Robert Greenberg

Historian, Composer, Pianist, Speaker, Author

Archive for Carl Czerny

Music History Monday: What Would We Do Without Him?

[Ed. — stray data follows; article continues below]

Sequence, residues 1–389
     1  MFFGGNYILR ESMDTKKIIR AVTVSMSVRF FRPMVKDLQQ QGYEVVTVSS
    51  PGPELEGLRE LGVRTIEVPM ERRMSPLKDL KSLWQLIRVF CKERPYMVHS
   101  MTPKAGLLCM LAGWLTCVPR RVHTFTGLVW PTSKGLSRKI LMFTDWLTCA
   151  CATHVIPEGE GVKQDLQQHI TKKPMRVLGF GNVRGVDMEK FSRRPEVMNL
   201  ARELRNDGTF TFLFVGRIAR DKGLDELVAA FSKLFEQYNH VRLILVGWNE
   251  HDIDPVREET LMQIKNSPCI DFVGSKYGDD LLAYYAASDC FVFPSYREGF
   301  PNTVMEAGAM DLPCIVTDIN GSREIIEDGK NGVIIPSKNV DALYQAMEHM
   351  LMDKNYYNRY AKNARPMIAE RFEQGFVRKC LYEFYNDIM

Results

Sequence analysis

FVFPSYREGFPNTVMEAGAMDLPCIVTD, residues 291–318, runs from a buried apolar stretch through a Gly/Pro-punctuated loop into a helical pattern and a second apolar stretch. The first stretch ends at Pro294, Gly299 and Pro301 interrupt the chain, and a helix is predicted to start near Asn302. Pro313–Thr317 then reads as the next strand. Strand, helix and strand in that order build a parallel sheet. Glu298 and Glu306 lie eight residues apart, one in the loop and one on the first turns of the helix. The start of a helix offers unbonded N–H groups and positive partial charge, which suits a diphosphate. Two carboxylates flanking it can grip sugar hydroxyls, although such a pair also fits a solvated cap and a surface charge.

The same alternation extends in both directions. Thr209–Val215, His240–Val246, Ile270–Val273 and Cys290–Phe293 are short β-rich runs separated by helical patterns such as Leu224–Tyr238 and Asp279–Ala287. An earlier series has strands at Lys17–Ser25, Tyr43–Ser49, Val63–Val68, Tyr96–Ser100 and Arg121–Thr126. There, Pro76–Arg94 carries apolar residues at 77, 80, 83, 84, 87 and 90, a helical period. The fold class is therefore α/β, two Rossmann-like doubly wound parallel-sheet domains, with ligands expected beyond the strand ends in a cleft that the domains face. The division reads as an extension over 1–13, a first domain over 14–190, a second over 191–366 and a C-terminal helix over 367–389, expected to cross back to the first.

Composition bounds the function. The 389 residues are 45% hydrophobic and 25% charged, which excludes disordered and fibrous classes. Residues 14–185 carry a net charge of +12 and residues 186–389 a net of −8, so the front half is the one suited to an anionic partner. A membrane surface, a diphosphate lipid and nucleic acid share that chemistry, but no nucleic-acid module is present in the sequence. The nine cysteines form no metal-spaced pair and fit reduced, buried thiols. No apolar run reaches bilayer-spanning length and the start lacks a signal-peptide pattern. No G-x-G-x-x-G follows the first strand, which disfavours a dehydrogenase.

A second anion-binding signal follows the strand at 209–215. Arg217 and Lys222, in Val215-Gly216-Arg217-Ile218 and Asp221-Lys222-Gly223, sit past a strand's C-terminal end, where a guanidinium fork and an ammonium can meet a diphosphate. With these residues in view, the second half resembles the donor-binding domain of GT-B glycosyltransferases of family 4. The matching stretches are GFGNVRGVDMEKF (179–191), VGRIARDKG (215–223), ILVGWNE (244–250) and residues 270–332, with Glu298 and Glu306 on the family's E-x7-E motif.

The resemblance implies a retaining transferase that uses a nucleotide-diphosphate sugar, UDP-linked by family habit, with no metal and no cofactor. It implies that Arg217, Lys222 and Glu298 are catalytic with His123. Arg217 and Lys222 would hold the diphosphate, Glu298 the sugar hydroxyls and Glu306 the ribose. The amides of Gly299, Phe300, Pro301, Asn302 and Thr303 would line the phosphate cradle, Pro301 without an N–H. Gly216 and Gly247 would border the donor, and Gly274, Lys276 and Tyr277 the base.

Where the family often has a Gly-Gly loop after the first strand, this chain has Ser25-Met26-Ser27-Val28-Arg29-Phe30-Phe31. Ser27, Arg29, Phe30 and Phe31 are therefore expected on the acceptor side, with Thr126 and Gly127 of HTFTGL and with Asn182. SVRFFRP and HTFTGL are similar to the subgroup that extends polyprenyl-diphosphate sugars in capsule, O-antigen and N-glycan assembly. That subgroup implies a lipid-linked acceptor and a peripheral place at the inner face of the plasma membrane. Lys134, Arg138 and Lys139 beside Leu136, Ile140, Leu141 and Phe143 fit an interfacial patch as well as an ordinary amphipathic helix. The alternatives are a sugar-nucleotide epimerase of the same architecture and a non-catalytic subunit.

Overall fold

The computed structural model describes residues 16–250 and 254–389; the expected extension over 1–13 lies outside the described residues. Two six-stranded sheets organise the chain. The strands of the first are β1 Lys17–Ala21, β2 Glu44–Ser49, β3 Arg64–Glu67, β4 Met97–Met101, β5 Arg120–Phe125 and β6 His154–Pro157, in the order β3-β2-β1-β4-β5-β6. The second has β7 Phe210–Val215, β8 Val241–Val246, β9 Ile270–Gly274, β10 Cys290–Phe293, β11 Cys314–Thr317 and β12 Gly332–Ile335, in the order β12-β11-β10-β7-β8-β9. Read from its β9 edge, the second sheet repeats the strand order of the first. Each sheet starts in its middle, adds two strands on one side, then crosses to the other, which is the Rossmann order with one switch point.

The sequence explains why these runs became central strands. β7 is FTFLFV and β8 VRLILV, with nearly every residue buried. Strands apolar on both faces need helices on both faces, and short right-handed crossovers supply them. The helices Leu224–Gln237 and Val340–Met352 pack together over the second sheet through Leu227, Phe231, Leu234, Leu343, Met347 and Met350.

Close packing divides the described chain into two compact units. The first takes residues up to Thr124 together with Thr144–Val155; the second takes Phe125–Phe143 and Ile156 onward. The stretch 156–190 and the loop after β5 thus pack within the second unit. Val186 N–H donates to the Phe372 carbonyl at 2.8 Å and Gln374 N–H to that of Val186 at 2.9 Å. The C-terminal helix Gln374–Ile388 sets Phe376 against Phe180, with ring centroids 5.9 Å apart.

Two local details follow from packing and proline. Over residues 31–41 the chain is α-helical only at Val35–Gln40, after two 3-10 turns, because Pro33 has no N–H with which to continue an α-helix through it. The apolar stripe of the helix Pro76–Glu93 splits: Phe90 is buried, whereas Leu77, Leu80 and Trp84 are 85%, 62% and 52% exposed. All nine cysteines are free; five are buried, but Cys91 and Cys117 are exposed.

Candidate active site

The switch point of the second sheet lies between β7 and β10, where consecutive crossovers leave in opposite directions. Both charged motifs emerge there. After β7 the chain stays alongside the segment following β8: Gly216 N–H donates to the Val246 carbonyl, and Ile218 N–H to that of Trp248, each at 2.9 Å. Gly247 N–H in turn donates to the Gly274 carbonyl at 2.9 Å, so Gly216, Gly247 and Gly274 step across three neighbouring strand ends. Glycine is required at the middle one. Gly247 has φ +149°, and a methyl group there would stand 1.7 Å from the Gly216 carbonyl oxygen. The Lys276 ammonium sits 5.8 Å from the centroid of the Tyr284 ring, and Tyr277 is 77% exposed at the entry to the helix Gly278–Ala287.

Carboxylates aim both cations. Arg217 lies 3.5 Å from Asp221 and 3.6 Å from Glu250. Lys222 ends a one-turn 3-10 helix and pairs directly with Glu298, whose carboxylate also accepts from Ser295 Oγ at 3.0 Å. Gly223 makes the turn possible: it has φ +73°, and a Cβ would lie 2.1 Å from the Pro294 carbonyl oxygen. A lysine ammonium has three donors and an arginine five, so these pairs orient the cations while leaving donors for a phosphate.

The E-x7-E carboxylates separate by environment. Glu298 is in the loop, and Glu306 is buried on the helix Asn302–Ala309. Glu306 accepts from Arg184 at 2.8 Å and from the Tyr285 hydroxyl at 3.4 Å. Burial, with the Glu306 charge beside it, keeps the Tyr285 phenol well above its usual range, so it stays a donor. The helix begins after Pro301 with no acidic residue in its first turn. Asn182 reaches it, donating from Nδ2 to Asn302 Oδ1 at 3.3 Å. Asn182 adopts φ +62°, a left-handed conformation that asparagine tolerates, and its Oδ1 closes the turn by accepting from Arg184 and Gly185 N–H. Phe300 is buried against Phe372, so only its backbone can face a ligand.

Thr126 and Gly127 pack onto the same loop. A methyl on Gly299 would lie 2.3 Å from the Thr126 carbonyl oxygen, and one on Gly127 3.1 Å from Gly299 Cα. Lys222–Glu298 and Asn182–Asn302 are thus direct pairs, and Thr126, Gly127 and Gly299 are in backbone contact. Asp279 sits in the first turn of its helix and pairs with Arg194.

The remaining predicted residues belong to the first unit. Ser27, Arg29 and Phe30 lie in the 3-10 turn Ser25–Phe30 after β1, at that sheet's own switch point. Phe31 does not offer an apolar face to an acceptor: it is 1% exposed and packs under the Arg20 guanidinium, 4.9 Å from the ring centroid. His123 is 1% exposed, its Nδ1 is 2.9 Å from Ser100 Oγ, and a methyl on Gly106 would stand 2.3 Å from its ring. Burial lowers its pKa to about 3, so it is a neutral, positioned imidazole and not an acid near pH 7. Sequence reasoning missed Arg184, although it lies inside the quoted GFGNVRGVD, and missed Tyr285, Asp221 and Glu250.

We mark the death on July 15, 1857 – 162 years ago today – of the Austrian composer, pianist and teacher Carl Czerny.  What would we do without him? Indeed. Excepting Ferdinand Ries (who was, like Czerny, a student of Beethoven’s), no one has left us more numerous and more accurate first-hand accounts of Beethoven than Czerny. He was a great pianist and perhaps the greatest pianist who never played in public. (I would qualify that statement, because as a young man Czerny did indeed play in public a handful of times; for example, Beethoven entrusted the 21-year-old Czerny with the first public performance in Vienna of his Piano Concerto No. 5 in E-flat major, the “Emperor”, on February 12, 1812. But in fact, Czerny hated the pressure of performing in public, hated travelling, and felt that “my playing lacked the type of brilliant, calculated charlantry that is usually part of a travelling virtuoso’s essential equipment.” So he stayed home in Vienna, where he performed in private, composed, and taught.) He was, very likely, the single most important piano teacher of the nineteenth century. According to the New Grove Dictionary of Music and Musicians he was “a central figure in […]

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